Case Study : Dermatology

57. Lichen Chronicus Simplex

Gratefully sourced with permission from Photo Rounds in The Journal of Family Practice

57. Itchy rash on neck

A 32-year-old woman presented to her family physician (FP) with an itchy red rash that had developed on the back of her neck 6 months earlier.

She said that the rash itched all day long and she found herself scratching it frequently.

She also said that for the past 10 years, she’d had a brown rash around her neck.

The patient reported that diabetes ran in her family and said she knew she needed to lose weight. She was screened for diabetes a year earlier, and her glucose and glycosylated hemoglobin were normal.

Diagnosis: Lichen Chronicus Simplex

The FP diagnosed lichen simplex chronicus (LSC) in this patient, based on the lesion’s clinical appearance and location, as well as the patient’s history of repeated daily scratching.

LSC is more common in women than in men, and occurs mostly in mid- to late-adulthood, with the highest prevalence in people who are 30 to 50 years of age.

A very common location for LSC in women is the back of the neck. In this case the LSC was coexisting with acanthosis nigricans.

Fortunately, this patient did not have diabetes, but her obesity and family history predisposed her to acanthosis nigricans.


The treatment for LSC is topical mid- to high-potency corticosteroids.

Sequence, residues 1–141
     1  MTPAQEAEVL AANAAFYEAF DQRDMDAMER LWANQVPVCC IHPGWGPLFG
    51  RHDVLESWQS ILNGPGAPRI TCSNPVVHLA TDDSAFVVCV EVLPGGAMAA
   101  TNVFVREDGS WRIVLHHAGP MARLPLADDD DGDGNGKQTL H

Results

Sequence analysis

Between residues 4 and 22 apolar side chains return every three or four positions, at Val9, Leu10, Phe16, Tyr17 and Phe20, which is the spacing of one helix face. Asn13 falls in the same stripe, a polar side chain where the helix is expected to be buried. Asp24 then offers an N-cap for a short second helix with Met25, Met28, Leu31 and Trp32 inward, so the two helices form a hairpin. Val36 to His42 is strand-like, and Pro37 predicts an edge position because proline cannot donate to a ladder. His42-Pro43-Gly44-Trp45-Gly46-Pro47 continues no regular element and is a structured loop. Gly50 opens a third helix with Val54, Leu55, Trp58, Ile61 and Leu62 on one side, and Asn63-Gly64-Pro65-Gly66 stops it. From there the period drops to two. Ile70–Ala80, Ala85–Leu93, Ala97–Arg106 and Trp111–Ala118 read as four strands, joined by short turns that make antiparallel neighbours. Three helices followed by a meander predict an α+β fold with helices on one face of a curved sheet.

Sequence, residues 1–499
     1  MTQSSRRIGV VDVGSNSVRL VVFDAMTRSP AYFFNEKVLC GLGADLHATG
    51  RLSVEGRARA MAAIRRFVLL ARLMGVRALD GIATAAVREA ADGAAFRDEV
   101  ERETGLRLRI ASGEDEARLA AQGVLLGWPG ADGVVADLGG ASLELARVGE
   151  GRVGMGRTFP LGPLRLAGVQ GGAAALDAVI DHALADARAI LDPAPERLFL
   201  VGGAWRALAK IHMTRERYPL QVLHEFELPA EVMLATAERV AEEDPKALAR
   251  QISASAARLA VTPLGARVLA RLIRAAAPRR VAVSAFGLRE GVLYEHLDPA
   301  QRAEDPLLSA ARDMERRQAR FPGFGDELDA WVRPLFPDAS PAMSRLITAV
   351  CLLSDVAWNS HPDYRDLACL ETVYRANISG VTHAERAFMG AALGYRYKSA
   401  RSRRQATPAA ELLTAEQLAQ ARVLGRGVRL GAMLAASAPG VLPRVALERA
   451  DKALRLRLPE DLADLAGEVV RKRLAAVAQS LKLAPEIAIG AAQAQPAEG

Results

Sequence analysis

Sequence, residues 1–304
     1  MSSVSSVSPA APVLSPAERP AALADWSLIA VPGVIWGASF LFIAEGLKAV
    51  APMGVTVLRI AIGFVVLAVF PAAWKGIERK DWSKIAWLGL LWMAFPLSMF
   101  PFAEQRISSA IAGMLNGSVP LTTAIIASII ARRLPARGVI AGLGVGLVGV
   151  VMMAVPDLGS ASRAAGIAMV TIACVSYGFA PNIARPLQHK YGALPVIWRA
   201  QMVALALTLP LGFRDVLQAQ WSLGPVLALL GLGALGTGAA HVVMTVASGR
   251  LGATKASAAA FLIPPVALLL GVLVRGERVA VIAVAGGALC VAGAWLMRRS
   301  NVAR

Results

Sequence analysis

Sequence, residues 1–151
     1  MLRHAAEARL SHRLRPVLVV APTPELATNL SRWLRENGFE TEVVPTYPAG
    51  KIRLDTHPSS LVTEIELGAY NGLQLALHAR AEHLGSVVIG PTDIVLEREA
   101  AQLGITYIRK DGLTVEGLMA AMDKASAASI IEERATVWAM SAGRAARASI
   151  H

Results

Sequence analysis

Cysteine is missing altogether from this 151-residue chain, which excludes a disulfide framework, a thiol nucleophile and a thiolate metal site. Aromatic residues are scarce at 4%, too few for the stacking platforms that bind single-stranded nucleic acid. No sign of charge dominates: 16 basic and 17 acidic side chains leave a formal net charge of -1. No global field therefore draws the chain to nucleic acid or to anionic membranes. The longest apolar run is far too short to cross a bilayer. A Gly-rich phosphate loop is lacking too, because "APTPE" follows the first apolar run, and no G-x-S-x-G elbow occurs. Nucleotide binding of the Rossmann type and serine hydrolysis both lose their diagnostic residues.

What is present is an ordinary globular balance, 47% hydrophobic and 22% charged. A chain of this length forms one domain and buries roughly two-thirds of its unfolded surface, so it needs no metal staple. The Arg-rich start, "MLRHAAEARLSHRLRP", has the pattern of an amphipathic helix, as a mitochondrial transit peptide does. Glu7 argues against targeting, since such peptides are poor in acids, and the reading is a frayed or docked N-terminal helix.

Oral sedating antihistamines can be added at night if pruritus is bad during the evening.

If the patient acknowledges that stress is involved, obtain a good psychosocial history and offer the patient treatment for any problems you uncover.

Patients need to minimize touching, scratching, and rubbing of the affected areas.

Explain to patients that they are unintentionally hurting their own skin.

Suggest that they gently apply their medication or a moisturizer instead of scratching the pruritic areas.

In this case, the FP prescribed topical triamcinolone ointment and stressed the importance of not rubbing or scratching the area.

The patient’s LSC healed well.


Photos and text for Photo Rounds Friday courtesy of Richard P. Usatine, MD. This case was adapted from: Usatine R, Johnson A. Self-inflicted dermatoses. In: Usatine R, Smith M, Mayeaux EJ, et al, eds. Color Atlas of Family Medicine. 2nd ed. New York, NY: McGraw-Hill; 2013: 856-862.

Copyright  © 2017 Frontline Medical Communications Inc., Parsippany, NJ, USA. All rights reserved. Unauthorized use prohibited.The information provided is for educational purposes only. Use of this Web site is subject to the medical disclaimer and privacy policy.

Ireland notes.png

Topical triamcinolone ointment is not available in Ireland.

Alternate steroid ointment applied OD or BD may be used.

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